- Inheritance Tax/Probate/Administering of Will – DIY?…
My mother-in-law passed away last night and my wife and her younger sister (executers) are now in the process of starting all the administration for her funeral and probate.
It should all be straightforward as there’s a detailed will, no mortage to pay off and no debts – but does anyone have any links to idiot proof step-by-step guides to the whole process if we decided to administer ourselves?
There could be only one sticking point and that’s if my wife’s older sister contests the will. She’s be estranged for 10+ years and has been left a nominal £2000. But could she have any grounds to contest? Will was sorted with a solictor so in theory no loop-holes and this figure was allocated under their guidance.
Also inheritance tax – her estate is likely to be around the £400,000 mark and this is just above the limit. Does her deceased husbands share count (died last year) – therefore no tax to pay or she classed as a single person for tax?
Thanks in advance.Posted 7 months ago
On the tax, yes she gets any unused portion of her husband’s allowance. So up to £650k (if it hasn’t changed).Posted 7 months ago
Yes theres the residence allowance to add too, I think it’s 150k this year. But any deduction from her husband’s nil rate band, like potentially exempt transfers not running 7 years, have to be netted off.
Looks like no iht liability, well planned.Posted 7 months ago
Sorry for your loss
I like to say this as carefully as I can and please take it in the well meaning way I intend.
Somethings are worth paying for.
If it was me, and there was absolutely NO possibility of a contest, I would go no where near this ….. leave it to the pros … the amount of money spent surely is going to be a pretty small % of the total estate ?
Good luck.Posted 7 months ago
Did this for my Uncle last year.
Its relatively straightforwards, bit of donkey work to start with to get death certificates, then sort out probate (30 second trip into town to swear on some bible).
Theres two types of IHT forms, a simple one that you can do online (or paper) which is basically a list of possessions, a few totals in the right boxes etc. You won’t need anything more than that one unless some certain criteria are failed (like, in my case, my Uncle cashed in his pension a couple of years before his death). The more complicated form looks a nightmare, with lots of ‘Add item 96b here, then subtract iten 54a’ etc. but once you get your head around it, it wasn’t too bad.
It’s a bit of a plod, but I don’t think going through solicitors is any quicker – its the HMRC thats the delay.
Some things were easier to sort out than others – the Nationwide were great, but the Post Office were a pain (gave wrong advice the first time so had to redo application for his savings account twice).
Keep a copy of everything you send to HMRC. HMRC asked to repeat some details on another form and they had to tally up with original submissions – easy to forget what you put down especially when you’re guestimating price of pocessions etc.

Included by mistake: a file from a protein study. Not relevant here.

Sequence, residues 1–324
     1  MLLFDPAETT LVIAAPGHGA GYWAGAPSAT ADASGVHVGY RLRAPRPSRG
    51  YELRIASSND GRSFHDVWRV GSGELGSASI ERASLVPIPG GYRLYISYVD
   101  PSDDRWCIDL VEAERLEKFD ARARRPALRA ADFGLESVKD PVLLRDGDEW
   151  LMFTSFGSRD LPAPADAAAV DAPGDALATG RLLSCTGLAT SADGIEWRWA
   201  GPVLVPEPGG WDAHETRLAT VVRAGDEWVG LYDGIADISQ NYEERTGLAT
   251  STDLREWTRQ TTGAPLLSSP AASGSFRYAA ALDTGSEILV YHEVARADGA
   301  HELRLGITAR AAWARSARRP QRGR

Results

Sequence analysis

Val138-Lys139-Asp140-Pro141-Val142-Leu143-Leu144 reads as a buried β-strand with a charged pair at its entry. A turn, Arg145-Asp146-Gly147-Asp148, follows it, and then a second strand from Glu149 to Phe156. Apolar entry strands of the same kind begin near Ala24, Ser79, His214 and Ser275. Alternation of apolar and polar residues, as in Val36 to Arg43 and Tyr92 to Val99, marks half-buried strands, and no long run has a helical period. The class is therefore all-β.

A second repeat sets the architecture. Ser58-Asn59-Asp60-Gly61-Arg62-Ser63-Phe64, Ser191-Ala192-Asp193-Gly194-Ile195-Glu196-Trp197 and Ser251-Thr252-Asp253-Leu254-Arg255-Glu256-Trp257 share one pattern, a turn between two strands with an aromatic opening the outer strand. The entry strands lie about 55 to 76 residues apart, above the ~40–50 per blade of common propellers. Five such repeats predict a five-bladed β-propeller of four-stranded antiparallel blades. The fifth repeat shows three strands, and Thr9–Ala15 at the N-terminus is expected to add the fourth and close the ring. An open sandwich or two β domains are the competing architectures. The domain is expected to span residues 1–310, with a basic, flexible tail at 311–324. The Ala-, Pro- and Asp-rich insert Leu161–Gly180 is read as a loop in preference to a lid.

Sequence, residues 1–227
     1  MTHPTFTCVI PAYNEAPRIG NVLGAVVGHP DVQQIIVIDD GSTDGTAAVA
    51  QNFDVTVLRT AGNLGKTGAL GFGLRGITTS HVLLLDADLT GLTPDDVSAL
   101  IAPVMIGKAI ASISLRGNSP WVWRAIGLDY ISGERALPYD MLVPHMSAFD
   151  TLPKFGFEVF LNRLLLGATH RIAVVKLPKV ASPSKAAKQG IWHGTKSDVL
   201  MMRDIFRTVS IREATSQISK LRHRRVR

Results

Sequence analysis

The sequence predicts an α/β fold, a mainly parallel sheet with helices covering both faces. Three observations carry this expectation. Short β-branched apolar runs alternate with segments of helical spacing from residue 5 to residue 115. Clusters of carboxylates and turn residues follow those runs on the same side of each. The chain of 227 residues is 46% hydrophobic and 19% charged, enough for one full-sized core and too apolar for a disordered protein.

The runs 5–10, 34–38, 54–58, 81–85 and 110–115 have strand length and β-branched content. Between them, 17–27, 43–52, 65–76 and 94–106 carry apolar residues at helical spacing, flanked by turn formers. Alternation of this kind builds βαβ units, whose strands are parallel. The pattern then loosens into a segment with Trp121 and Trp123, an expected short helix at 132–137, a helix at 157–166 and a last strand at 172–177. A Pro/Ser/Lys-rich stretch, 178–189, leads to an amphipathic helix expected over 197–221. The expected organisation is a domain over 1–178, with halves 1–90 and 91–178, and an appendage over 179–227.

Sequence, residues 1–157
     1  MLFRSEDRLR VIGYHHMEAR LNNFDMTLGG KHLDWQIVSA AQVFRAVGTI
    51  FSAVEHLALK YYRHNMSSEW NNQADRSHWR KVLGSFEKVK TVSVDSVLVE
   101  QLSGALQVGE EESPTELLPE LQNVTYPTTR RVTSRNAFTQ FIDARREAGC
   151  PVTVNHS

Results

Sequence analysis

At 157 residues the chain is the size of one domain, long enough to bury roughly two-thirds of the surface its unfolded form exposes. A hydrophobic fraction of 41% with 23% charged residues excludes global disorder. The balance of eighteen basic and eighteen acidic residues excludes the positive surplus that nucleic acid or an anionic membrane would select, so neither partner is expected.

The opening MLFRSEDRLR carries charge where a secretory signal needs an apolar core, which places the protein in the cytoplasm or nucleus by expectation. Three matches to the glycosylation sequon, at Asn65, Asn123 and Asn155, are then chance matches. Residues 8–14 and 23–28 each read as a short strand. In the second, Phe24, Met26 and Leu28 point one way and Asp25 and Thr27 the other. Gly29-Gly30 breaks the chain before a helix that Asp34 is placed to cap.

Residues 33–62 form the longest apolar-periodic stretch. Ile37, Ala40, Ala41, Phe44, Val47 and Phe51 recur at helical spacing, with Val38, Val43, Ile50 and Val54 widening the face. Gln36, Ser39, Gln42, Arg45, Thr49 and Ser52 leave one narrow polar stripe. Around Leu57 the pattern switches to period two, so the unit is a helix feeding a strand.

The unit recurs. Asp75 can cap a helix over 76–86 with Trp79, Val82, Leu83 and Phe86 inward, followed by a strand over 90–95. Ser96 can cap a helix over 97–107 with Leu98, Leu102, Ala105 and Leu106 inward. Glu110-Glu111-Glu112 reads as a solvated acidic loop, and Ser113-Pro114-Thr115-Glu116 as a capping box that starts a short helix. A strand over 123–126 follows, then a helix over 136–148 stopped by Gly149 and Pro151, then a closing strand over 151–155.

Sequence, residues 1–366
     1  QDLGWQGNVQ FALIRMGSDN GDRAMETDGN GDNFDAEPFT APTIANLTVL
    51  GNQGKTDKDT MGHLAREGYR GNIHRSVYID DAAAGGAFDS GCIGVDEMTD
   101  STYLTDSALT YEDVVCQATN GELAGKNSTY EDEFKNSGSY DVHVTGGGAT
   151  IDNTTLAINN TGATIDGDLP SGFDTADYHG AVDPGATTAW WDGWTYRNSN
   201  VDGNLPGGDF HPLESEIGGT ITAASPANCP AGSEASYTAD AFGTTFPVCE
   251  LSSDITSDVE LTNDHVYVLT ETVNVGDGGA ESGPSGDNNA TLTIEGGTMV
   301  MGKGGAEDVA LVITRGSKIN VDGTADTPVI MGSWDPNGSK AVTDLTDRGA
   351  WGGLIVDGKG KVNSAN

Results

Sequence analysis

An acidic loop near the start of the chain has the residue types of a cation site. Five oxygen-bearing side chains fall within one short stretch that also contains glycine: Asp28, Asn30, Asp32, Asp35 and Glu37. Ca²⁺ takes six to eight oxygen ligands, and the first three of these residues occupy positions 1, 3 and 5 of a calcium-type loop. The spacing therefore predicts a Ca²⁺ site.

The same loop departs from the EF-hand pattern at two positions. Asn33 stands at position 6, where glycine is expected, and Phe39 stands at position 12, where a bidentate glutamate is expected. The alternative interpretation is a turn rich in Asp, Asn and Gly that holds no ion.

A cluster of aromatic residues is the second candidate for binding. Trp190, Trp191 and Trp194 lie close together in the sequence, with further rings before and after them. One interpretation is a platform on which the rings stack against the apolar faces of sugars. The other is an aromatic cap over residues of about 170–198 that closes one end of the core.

Administering will was literally writing out some cheques/transferring money.
If any contests after that maybe get a solicitor involved, though not a massive leg to stand on if will is legit.Posted 7 months ago
One thing to watch out for at the moment is long delays in grant if probate. There was a surge of applications ahead of a change in the cost in April and the backlog still hasn’t cleared
im not sure how people were deliberately dying ahead of the cutoff point to save money but somehow they werePosted 7 months ago
Post back on here if you have any questions. Things might change from area to area, but basically:
Book appointment to get death certificate.
Get a couple of copies.
Wander over to all banks/savings etc. and fill their forms out to freeze any accounts.
You can technically get access to the deceased money if you need to pay for funeral costs out of it, but if you can cover it yourself then it’s easier, and you tak that money out of will when the executor takes control (and before you write the cheques out).
Go online to gov.uk and download the forms.
In terms of utilities, British Gas were great and basically said no need to pay bills until everything sorted and house sold. Water was similar. Saga Insurance were top notch as well for his insurance to keep cover on.Posted 7 months ago
Been through this recently with both MIL and FIL, circumstances sound similar with wills all in place and inheritance tax.
We had a family friend who was a solicitor, so let him do it. There did seem to be an awful lot of checking everything was in order, working through 7 years of finances to check for any gifts etc.
On the estranged sister, who knows. With this in the mix, I think I’d at least look at the costs of a professional.
Best wishes and good luck.Posted 7 months ago
Oh, and probably goes without saying but keep a list of all the outgoings in a spreadsheet. Its not a massive amount (apart from funeral costs) but bitty.Posted 7 months ago
Did this a few years back. Like others say, its not difficult but it can take time and you need to be methodical.
There is a lot of online guidance, and all the required forms have detailed guidance as well. I can’t remember if this is the right link, but you might want to start here:
Go DIY – it will probably be quicker and vastly cheaper. Legal people are generally neither quick nor cheap.